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UN defeats Russia resolution promoting women at peace tables

UNITED NATIONS, Oct 31: The U.N. Security Council defeated a Russian resolution Friday to commemorate the 20th anniversary of a U.N. measure demanding equal participation for women in activities promoting global peace, with opponents objecting to its failure to adequately address human rights and the key role of civil society in pushing for gender equality.

The email vote on the resolution was 5-0, with 10 countries abstaining, far less than the minimum nine “yes” votes required for adoption.

The Russian draft was supported by Russia, China, Vietnam, Indonesia and South Africa. The countries that abstained were the United States, United Kingdom, France, Belgium, Dominican Republic, Germany, Estonia, Niger, Saint Vincent and the Grenadines, and Tunisia.

Opponents said the Russian draft weakened the initial U.N. resolution adopted in 2000 and nine follow-up resolutions -- which Russia strongly denied.

Germany’s U.N. Ambassador Christoph Heusgen said his calls for strong language on the human rights foundation of all the resolutions, and for “the adequate reflection of the critical role of civil society, women peacebuilders and human rights defenders” in implementing the measures were not reflected in the Russian draft.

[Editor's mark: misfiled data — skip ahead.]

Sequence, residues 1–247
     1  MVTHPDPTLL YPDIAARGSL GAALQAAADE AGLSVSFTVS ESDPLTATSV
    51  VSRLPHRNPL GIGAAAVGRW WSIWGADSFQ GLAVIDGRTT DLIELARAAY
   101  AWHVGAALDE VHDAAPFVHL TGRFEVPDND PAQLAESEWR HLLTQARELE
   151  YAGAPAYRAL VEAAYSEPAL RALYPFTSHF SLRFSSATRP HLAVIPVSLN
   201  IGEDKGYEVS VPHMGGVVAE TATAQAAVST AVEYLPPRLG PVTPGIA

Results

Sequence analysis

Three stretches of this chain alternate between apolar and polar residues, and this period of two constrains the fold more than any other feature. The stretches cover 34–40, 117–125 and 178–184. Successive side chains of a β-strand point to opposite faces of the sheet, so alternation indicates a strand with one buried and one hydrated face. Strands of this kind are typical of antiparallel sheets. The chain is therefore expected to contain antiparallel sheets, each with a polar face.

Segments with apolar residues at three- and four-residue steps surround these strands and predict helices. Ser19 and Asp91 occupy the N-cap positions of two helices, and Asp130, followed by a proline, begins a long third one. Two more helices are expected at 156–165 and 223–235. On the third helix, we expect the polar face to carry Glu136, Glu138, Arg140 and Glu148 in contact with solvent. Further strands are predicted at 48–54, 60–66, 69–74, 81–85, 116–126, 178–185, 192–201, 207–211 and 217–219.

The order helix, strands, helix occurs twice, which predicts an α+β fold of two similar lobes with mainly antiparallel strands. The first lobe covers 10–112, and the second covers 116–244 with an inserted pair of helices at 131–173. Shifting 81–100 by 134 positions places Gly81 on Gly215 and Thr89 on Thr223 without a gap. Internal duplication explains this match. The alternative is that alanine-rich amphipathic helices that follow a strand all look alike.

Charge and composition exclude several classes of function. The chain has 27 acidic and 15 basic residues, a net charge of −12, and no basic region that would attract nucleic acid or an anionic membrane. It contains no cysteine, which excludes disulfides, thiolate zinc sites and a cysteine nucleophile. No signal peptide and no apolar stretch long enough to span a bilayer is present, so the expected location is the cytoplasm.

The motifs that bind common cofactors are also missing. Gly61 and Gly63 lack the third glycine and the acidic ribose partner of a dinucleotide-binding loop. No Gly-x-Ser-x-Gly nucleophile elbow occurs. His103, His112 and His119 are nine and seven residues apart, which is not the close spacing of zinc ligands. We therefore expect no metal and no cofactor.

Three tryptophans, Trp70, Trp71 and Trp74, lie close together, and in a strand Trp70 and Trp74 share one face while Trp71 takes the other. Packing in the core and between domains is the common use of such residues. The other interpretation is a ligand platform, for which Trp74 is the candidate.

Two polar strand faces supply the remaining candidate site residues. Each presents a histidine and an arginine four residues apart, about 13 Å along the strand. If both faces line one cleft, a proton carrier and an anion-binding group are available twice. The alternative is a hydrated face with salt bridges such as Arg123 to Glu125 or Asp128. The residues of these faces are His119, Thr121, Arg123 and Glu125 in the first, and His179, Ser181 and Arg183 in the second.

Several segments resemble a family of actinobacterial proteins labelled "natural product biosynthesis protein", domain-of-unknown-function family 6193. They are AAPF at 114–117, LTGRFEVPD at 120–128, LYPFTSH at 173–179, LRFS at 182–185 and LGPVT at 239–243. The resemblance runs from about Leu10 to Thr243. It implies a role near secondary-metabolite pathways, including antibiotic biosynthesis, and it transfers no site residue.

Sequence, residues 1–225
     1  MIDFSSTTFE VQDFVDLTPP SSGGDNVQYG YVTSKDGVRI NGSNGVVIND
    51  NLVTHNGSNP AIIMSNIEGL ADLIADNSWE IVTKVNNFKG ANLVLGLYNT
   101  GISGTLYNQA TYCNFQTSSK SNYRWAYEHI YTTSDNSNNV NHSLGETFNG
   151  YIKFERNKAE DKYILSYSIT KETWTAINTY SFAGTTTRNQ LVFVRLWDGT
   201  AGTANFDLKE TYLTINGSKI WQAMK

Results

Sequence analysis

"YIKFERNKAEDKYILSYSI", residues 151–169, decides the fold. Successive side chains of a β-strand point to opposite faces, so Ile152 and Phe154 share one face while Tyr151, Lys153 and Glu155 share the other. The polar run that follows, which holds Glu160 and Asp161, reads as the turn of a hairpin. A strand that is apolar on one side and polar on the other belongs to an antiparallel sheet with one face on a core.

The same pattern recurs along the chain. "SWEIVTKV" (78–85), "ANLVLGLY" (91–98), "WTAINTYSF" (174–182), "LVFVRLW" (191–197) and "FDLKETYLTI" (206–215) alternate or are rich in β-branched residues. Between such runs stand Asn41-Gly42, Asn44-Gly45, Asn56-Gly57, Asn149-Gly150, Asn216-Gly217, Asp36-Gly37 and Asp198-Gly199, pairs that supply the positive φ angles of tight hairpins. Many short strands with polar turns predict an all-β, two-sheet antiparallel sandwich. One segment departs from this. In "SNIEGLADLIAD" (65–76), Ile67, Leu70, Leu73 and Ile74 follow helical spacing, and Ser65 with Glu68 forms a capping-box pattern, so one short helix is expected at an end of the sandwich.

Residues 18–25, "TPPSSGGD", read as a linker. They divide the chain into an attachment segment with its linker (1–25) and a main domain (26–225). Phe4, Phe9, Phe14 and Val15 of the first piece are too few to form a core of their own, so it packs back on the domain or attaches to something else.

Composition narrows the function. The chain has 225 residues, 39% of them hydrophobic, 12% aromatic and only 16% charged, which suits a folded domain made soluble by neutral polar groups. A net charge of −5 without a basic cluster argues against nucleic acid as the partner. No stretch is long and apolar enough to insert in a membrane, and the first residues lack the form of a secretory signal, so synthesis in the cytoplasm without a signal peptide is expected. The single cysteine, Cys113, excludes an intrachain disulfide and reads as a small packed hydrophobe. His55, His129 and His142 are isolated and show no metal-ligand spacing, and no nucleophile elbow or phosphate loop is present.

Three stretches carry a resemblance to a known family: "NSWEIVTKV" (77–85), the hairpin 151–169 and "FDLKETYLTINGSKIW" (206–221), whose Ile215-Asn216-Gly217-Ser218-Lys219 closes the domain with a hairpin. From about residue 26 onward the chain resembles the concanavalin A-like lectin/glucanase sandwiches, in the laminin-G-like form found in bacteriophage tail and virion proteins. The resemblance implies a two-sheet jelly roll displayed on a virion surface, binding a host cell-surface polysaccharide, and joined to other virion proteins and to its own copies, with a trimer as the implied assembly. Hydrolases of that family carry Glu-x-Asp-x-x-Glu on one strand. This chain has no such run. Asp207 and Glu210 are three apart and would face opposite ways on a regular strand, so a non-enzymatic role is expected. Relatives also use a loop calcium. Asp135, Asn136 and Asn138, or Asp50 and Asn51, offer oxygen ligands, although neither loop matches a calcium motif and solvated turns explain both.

What is needed is “action and implementation,” he said, “not more words.”

U.S. Ambassador Kelly Craft said the Trump administration and the other countries that abstained were protecting the women, peace and security agenda from an attack by Russia and China, which contributed to the draft resolution.

She said the draft resolution “was designed to undermine and reverse the progress of the past 20 years,” and “it is evident that our Russian and Chinese colleagues ... do not believe women should be fully empowered to prevent conflict, or sit at the table to pursue peace and reconciliation.”

Russia’s U.N. Ambassador Vassily Nebenzia, the current Security Council president, told a news conference after announcing the vote that the defeated draft did reaffirm and urge implementation of all 10 previous resolutions — and he dismissed claims that it was a step back or watered down as “not true.”

“Civil society, human rights were all there,” he said. “We are for the civil society and human rights. To accuse us that we are trying to strike out the references to this is at best unworthy.”

Civil society and human rights are mentioned in the defeated resolution’s introductory paragraphs -- but not in its binding operative paragraphs. They were in the operative paragraphs in earlier drafts, but diplomats said the were dropped at China’s insistence.